See more from this Session: General Plant Genetic Resources: II
Wednesday, November 3, 2010: 1:15 PM
Long Beach Convention Center, Room 101B, First Floor
The Sultanate of Oman has abundant biodiversity in local grain, forage, horticultural, and medicinal plants that are adapted to the unique and diverse topographic and climatic conditions of the Sultanate. However, there is currently a decline in global biodiversity which threatens plant genetic diversity, the raw materials we rely on for food, fiber, medicine and industrial products.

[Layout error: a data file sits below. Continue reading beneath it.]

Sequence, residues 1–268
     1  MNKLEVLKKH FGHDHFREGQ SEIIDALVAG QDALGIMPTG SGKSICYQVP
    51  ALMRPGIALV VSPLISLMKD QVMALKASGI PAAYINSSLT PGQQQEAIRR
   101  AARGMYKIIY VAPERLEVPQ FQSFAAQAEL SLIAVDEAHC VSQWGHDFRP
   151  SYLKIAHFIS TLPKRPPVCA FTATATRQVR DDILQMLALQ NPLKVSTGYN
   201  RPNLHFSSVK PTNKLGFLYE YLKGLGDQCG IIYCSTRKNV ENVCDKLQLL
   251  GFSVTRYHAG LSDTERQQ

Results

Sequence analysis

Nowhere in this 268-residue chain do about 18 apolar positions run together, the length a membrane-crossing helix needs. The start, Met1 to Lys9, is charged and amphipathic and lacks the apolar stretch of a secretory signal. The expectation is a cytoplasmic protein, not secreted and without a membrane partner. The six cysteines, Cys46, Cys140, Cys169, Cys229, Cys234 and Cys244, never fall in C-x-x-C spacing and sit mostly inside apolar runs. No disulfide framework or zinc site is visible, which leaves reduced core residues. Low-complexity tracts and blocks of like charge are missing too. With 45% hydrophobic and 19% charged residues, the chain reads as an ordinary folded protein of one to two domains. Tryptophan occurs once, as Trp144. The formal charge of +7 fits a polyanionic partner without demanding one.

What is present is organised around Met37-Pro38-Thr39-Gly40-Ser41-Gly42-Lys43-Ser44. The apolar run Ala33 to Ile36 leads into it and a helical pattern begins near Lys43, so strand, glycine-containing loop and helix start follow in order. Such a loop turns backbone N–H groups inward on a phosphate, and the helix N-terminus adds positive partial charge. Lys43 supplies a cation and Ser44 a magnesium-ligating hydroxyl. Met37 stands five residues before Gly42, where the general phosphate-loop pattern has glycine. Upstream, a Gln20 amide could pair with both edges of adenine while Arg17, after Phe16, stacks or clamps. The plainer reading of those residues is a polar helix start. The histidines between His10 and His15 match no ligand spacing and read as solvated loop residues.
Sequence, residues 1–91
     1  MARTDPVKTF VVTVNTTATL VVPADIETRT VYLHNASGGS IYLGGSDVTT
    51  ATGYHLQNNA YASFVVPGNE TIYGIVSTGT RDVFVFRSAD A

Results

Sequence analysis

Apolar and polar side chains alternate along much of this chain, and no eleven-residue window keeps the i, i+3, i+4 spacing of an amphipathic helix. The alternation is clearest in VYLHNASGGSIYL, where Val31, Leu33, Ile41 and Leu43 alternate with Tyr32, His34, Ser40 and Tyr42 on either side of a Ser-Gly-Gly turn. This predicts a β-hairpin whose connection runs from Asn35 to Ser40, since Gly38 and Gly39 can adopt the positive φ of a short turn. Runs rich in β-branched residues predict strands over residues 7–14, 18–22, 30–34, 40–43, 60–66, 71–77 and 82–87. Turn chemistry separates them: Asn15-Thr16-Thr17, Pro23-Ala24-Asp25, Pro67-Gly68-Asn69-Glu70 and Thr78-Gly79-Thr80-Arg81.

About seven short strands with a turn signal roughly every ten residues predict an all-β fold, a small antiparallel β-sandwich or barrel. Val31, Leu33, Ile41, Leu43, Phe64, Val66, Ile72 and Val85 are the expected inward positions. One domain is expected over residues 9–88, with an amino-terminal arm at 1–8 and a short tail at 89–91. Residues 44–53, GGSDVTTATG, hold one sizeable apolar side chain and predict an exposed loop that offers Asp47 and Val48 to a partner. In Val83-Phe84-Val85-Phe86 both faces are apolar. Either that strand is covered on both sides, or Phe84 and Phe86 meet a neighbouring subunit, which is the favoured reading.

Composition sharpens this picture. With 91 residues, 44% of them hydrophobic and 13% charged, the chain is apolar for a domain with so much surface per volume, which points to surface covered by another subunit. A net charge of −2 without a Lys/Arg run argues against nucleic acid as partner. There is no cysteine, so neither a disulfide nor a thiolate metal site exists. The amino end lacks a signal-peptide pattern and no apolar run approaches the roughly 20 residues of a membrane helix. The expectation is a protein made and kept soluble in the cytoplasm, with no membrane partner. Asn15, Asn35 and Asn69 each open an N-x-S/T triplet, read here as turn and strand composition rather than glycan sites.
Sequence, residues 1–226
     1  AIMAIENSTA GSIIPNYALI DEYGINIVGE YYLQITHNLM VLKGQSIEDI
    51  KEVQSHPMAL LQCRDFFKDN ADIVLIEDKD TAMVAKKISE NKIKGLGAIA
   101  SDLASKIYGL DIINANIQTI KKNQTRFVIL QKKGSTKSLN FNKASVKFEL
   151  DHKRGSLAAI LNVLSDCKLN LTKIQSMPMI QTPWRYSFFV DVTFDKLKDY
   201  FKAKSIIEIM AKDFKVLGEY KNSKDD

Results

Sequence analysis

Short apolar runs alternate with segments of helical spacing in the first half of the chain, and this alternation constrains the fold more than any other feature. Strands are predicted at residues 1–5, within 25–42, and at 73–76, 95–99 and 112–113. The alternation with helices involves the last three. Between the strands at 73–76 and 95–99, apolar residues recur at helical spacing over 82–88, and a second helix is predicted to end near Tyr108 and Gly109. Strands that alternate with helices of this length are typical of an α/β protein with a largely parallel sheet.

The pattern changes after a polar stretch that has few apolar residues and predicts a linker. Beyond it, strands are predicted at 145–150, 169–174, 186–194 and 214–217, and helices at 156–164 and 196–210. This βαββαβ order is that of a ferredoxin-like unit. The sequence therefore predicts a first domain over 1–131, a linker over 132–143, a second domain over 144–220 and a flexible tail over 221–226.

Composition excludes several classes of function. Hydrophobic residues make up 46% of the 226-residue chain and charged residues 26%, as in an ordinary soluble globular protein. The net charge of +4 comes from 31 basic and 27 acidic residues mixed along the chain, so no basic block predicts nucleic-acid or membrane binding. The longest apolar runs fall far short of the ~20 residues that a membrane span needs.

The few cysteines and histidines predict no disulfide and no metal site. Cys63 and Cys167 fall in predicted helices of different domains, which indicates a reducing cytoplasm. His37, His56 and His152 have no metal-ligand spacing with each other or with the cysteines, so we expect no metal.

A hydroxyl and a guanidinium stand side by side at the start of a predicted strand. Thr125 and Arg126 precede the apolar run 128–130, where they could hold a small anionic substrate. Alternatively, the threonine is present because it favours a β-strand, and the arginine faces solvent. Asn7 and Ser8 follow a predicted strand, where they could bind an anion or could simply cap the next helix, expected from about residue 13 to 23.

As in many developing countries, the Sultanate has resorted to the introduction of modern crop varieties (bred and selected in other countries) into the research programs and some have been released to farmers. Thus there has been a replacement of the generally viable lower yielding local land races with introduced varieties, leading to genetic erosion of adapted land races as well as indigenous knowledge and cultural diversity. To ensure that valuable genetic resources and indigenous knowledge are preserved, an extensive research project titled “Conservation and Utilization of Plant Genetic Resources in Oman” was taken up by Sultan Qaboos University. It aims to survey, identify, characterize and conserve indigenous food and forage legume germplasm by incorporating molecular approaches. This paper discusses the germplasm collection missions as well as the results of morphological and molecular characterization and conservation of the collected germplasm.